PORTLAND — For most Americans, the cost of cooling off with an iced coffee has gone up this summer.
Green coffee beans are commanding higher prices, forcing major manufacturers like J.M Smuckers, which owns national brands like Folgers and Dunkin’ Donuts, to hike the price of their coffee.
But while consumers buying beans might have noticed the increase, many Portland coffee shops have not adjusted their prices.
“If you really want to follow the market, you have to change your price every week,” said Isabelle Julien, owner of Mornings in Paris in Portland’s Old Port. “I adjust prices once a year.”
Still, the cost of a cup of coffee is anything but consistent across Portland’s many cafes. On Munjoy Hill, customers at Hilltop Coffee pay $1.46 for a 12-ounce cup. At Starbucks in the Old Port, patrons can expect to shell out $1.61 for the same size, and the Udder Place near Woodford’s Corner charges $1.75.
What accounts for the difference in price? A lot. Between the straws, the cups, the employees, the milk and sugar, the rent and more, there’s a lot more than coffee in the price of a cup of Joe.
Still, the coffee itself is an important factor. Many cafes brew coffee that carries a certification: organic, Fair Trade, shade-grown, Cup of Excellence or Special Prep. According to Jeremy Pelkey, who owns Bard Coffee, coffee growers must pay for the certification process, but generally receive a higher price for their product.
Each certification works differently, but many have a similar goal: allowing consumers to access a superior product while ensuring a sustainable livelihood for growers and their environment. Many certified coffees sell for between $8 and $15 a pound, but some can run upwards of $20. One coffee estate in particular, La Esmeralda in Panama, has commanded prices of up to $130 per pound.
According to Pelkey, that’s a $30 cup of coffee.
Portland coffee drinkers would be hard pressed to find a coffee shop brewing La Esmeralda, but many cafes do brew certified coffee daily. And while each kind of bulk coffee sells for a different price on the auction block, when deciding how much to charge for a cup, cafe owners find an average that makes sense for whatever type of coffee they brew.
Coffee drinkers should also take note of how their coffee is brewed. Several cafes in Portland, including Bard and Coffee By Design, offer two brewing methods: coffee machine or drip-station. According to Tiffany Wolfgram, who works at the Coffee By Design on Washington Avenue, most customers select one of three types of hot coffee that is brewed every three hours and kept warm in an air pot.
But patrons on a more leisurely schedule, or who are seeking the freshest cup of coffee, choose the drip-station method, which costs 50 cents more per cup than a machine-brewed. The process takes four or five minutes and requires the server to grind the beans and then pour hot water through the grounds.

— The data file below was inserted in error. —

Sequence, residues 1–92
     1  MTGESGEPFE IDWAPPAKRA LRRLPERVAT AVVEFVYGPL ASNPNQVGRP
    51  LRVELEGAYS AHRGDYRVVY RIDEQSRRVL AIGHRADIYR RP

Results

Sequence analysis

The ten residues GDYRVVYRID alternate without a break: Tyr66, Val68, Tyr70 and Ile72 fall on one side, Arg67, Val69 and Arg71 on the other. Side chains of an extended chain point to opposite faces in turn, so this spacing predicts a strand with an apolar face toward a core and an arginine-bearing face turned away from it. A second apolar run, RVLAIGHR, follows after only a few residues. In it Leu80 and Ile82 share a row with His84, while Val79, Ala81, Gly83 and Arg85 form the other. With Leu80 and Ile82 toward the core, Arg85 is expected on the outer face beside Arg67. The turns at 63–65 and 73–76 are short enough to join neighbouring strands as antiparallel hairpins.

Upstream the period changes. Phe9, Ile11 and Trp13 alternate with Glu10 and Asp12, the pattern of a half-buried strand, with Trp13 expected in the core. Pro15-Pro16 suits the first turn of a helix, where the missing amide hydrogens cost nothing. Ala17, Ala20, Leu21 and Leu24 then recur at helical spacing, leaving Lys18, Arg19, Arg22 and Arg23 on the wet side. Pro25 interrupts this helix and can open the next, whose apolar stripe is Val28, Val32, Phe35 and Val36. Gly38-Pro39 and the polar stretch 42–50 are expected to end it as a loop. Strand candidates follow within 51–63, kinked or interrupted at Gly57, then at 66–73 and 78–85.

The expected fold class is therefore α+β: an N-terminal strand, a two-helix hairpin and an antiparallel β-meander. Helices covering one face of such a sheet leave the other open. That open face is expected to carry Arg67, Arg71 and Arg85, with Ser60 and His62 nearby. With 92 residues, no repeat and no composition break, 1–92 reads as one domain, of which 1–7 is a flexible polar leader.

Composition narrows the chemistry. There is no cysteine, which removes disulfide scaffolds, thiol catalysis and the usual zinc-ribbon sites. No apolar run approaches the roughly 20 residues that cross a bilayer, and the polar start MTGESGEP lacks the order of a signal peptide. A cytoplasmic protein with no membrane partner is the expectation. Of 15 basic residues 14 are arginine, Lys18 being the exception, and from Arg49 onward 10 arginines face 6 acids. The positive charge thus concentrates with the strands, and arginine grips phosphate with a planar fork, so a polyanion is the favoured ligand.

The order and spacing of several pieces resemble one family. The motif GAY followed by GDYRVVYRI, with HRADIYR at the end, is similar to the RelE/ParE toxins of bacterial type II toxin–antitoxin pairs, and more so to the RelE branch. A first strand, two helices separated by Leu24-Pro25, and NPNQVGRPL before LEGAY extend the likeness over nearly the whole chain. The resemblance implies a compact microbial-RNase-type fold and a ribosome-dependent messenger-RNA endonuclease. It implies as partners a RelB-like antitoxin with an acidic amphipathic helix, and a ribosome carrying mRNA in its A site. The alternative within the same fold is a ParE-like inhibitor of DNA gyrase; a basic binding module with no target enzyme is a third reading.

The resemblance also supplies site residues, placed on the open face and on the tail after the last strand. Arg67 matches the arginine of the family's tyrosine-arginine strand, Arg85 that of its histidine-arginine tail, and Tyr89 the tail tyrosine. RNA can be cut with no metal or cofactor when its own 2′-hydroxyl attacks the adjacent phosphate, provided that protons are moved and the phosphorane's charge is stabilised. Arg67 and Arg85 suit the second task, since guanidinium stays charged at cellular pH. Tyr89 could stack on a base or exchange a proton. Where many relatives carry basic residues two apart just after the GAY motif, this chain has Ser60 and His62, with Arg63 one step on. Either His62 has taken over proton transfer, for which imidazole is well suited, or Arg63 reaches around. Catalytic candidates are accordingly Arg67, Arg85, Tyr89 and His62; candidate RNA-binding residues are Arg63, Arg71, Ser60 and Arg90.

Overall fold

Wolfgram estimated that less than 10 percent of customers choose drip-station, but those who do are “fanatical” about their coffee.
In addition to coffee characteristics, accessories like milk, sugar, and cups affect the price of a cup of coffee. Coffee By Design owner Allen Spear said he has noticed that customers use a “phenomenal” amount of milk and cream, products that “cost substantially more than coffee.”
Some coffee shops use biodegradable cups, which cost more than paper or regular plastic cups. Others double-cup or provide sleeves for hot beverages, techniques that can increase the amount of paper goods needed for the same volume of customers. Many cafes provide a variety of pricey sweeteners, like local honey and maple syrup and raw sugar.
While Portland is home to a number of independent coffee shops, chains like Starbucks and Dunkin Donuts are also a factor. Each Starbucks store is corporate-owned, meaning prices are determined by the company’s headquarters in Seattle. Starbucks declined to comment on factors that affect the price of its coffee, but an informal survey of Starbucks stores in the region revealed that prices here are some of the lowest.
At $1.61 for a 12-ounce cup, consumers of Starbucks in Portland are paying three cents less than their coffee comrades in Burlington, Vt., and six cents less than in Portsmouth, N.H., but a cent more than in Boston.
Unlike Starbucks, each Dunkin Donuts is individually owned and managed. The company provides suggested retail prices for its products, but franchise owners have the final say.
The suggested prices for 10- and 14-ounce cups are $1.39 and $1.69 respectively, but most Dunkins in Portland charge much more. Dunkin patrons at One City Center can expect to shell out $1.59 for a small and $1.92 for a medium; on outer Congress Street the same sizes cost $1.49 and $1.81.
According to Doug Cortina of Cafua Management, the Massachusetts-based company that owns many of the Dunkin Donuts in Portland, customers rarely notice if the Dunkin down the street sells coffee for less.
“If we had more customers complaining,” he said, “we’d change the prices.”
Despite selling literally tons of coffee, owning a cafe isn’t easy. Coffee By Design owner Allen Spear estimated his company only makes about 2 cents of profit off each cup of coffee.
“You can make a living doing it, but it’s tight,” Spear said.
Co-owner Mary Allen Lindemann added, “If you want the quality and you want all the certifications, it costs money to do that. And so if we raise our prices, understand that it’s because of factors here, locally, and factors internationally.”